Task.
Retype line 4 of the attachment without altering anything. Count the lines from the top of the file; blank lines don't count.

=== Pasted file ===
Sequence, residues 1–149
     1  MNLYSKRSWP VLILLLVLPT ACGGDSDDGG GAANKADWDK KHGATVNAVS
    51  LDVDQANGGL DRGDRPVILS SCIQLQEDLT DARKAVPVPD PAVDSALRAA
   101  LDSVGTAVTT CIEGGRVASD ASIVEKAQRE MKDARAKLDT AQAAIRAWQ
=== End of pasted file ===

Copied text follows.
   101  LDSVGTAVTT CIEGGRVASD ASIVEKAQRE MKDARAKLDT AQAAIRAWQ